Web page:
100k flight hours is like 30-35 years for a NB and you are looking for 160k?
I assume your buddies at Pratt come up with something that doesn’t fit before that time. If any oil is left over anyhow..
JetBlue averages 11.77 hours per day, I believe there is room to increase. That is 4300 hours/year. So a little less at 28 years for 120k.
LH is scrapping a 26 year old A320 soon as there aren't enough hours left to justify a heavy C check. I'm not aware of an aircraft taken to the limit as they must be maintained earlier at every step, so the last bit of life. Did you see the part on maintenance? Extending allowed hours cuts shop visits and thus costs.
I'm not sure what you mean by find something that fits... Airbus likes support revenue. If they didn't, the A320 would be stuck at 48k FC and 60k FH. They'll like it for their A220 too.
Oil? We'll find fuel. E.g., biofuels. It is amazing what Happens when the price goes up. Suppliers find more. When fuel is cheap, why bother?
CFRP allows cheap life extensions. The 787 certified for 200,000 FH is insane. I'm not aware of a widebody going past 150,000 FH. But customers like servicing on longer intervals...At 15.5 hours/day that is 35 years. There is no business case to pay extra for that durability. But greater aircraft availability due to longer C check intervals? That sells.
A c-check take n days if every 10,000 FH (IIRC current A220) or every 17,777 (160k). Corrosion limits are every 4 years. So for JetBlue, 160,000 FH means they would go to the shop due to corrosion days before hours. Higher cycle airlines would always maintain on cycles, even if certified on 120k. Meh...
I love the A220, NEO, and MAX corrosion margins. So much better than the old coatings (it is why all aircraft are mostly green today prior to painting).
I think Jetblue has the highest utilization of any NB fleet, 11.7 hours a day is not typical. Probably because of their transcon and East coast operations. 4-6 cycles a day, 10 hours seems typical of a NB lifetime, globally. After 20-25 years better engine technology boils up, system MRO goes up, environmental restrictions come in, shortening the economical life time of an aircraft.
I think apart from thermodynamic improvements, propulsive efficiency requirements will keep driving higher bypass ratios. It seems at some point the aircraft configuration needs to adjust to that, maybe 100.000 hrs / 30 years after initial operations.. of course all estimations, averages. I like the CSeries too, specially with the big, quiet GTF's. But 160.000 hrs seems very long, specially for NB. Has any NB ever flown that much?
No narrowbody has flown that much. None will.
No MD-80 ever flew 110,000 cycles. Heck, the top was scrapped just below 100k. None has flown the allowed 150,000 FH. But every operator appreciated the long maintenance schedules.
C checks can be at 1/9th or 1/16th of the total life. Most are going to the later (shorter checks). Every 3 (for 1/9th) or 4 c checks (for 1/16th) must complete the heavy maintenance cycle.
LH has worn out A320s on hours. The plane hasn't flown 120,000 FH. One doesn't perform a final heavy c-check unless at least 10,000+ FC and 20,000+ FH are usable after the check.
A cycle is good for one interval. For the A220, I believe it is on a similar patter (E-jets on 1/16th).
Do currently, a c-check must be at the earliest of:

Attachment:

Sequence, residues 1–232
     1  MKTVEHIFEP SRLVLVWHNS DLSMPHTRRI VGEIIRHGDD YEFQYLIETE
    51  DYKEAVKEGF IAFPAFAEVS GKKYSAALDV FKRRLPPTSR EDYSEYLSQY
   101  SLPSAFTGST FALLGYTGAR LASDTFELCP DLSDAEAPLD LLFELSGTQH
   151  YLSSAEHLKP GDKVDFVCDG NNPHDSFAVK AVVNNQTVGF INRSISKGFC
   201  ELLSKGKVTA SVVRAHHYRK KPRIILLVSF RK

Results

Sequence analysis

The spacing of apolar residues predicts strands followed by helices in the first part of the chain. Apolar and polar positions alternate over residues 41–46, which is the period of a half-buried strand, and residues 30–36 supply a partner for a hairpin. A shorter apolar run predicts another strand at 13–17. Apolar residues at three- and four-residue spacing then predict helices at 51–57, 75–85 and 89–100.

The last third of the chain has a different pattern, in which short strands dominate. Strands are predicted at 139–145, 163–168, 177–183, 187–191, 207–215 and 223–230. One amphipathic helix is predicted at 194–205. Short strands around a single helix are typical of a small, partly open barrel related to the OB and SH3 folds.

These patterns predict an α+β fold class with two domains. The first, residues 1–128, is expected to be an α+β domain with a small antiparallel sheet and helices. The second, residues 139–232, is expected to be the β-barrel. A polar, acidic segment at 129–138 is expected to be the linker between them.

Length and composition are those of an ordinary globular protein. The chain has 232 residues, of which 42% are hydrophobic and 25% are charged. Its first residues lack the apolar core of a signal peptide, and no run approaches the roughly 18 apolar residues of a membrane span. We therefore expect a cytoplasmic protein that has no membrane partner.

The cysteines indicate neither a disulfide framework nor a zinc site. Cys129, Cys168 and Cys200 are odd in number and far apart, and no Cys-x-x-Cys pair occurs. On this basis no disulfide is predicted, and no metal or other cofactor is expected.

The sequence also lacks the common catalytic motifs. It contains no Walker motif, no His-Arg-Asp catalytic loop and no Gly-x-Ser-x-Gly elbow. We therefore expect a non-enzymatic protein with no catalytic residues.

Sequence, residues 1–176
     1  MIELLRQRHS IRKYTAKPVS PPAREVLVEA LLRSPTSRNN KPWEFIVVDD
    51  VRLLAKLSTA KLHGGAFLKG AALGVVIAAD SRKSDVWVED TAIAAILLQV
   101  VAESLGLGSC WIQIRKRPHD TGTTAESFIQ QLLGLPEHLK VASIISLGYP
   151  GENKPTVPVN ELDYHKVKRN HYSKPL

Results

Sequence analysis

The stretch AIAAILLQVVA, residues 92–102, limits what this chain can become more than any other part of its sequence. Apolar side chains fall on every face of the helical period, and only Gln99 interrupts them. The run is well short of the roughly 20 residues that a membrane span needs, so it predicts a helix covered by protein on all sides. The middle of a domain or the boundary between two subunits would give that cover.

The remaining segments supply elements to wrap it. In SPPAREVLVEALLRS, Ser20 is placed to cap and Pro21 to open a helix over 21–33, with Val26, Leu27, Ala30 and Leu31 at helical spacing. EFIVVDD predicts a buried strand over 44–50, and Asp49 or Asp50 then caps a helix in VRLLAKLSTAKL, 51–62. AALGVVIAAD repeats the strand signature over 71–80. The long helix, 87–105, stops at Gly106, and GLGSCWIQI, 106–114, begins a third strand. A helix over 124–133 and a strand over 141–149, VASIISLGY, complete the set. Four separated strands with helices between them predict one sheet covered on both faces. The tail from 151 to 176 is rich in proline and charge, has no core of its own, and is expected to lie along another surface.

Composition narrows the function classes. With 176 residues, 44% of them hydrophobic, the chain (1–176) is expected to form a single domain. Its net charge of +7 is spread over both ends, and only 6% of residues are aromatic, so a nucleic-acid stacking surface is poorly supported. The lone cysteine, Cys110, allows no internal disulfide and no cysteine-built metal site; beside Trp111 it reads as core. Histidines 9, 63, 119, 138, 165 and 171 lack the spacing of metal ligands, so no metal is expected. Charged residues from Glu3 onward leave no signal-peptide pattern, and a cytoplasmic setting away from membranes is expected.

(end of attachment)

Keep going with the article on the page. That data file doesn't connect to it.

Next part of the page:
I proposed a maintenance schedule that would be at the earliest:
Since maintenance is roughly
25% line maintenance on airframe
25% line maintenance on engines
25% c-check (heavily biased toward heavy C checks)
25% engine overhauls.
What I propose saves about 14% in maintenance costs.
So this isn't for aircraft life, it is to perform the testing to extend maintenance intervals.
The #1 advantage of the huge PIP on the A320 going from 60,000 FH to 120,000 FH was going from a c-check every 6,666 FH to an extended 13,333 FH. Now reinforcements were required in the wing send tail section, but work to that took about 2 days in parallel with other c-check work and payed off by the next c-check.
I believe the A220 has the structure. Most of the FH cracking is the wing and tail. Cycles are found by cracks in the body, wing root, wing box, nacelles, pylons, flap Joints, and gear bays. CFRP is practically immune after 60,000 FH. So as long as the tail is built right, why not go for cycles? It cuts maintenance bills. If 1,000+ aircraft are sold, the enhanced maintenance plans are sold for enough to pay for testing.
Airbus is working to extend the A320 limit of validity. It isn't that an airline worries about wearing out an A320 24 years from now, it is the reduced maintenance.
The 737 has a limit of validity of 110,000 FC and 125,000 FH. For airlines that fly sub 2 hour missions, that means reduced maintenance costs in high cycle duty due to longer intervals for maintenance.
Wouldn't we want the A220 to have even longer intervals?
The extremes seen so far are widebodies. Airbus typically certifies for 36,000 FC and 160,000 FH. So long in hours and cycles that A340 and A380 are being scrapped at the first interval when maintenance inspections can no longer be differed or 12 years.
I see A220 being scrapped at the end of the 2nd interval (about 24 years) with significant differed work on the plan I proposed. So in effect, I am proposing 160,000 FH to certify to allow for a lower cost 2/3rds life of less than 106,666 FH.
A great example is the 787.
7,333 cycles (Only Japan domestic, that I know of)
22,222 FH. Umm... Not happening.
The 787 sells well as maintenance is usually on the clock (corrosion limits). That makes it easy to plan.
Hopefully I have made it clear for economics for two heavy maintenance cycles, not for a 30+ year life I want to see the A220 FH certification brought up to 160,000 FH. Predictable maintenance intervals is easy to plan.
The current intervals are too short (every 10,000 FH).
You know nothing John Snow.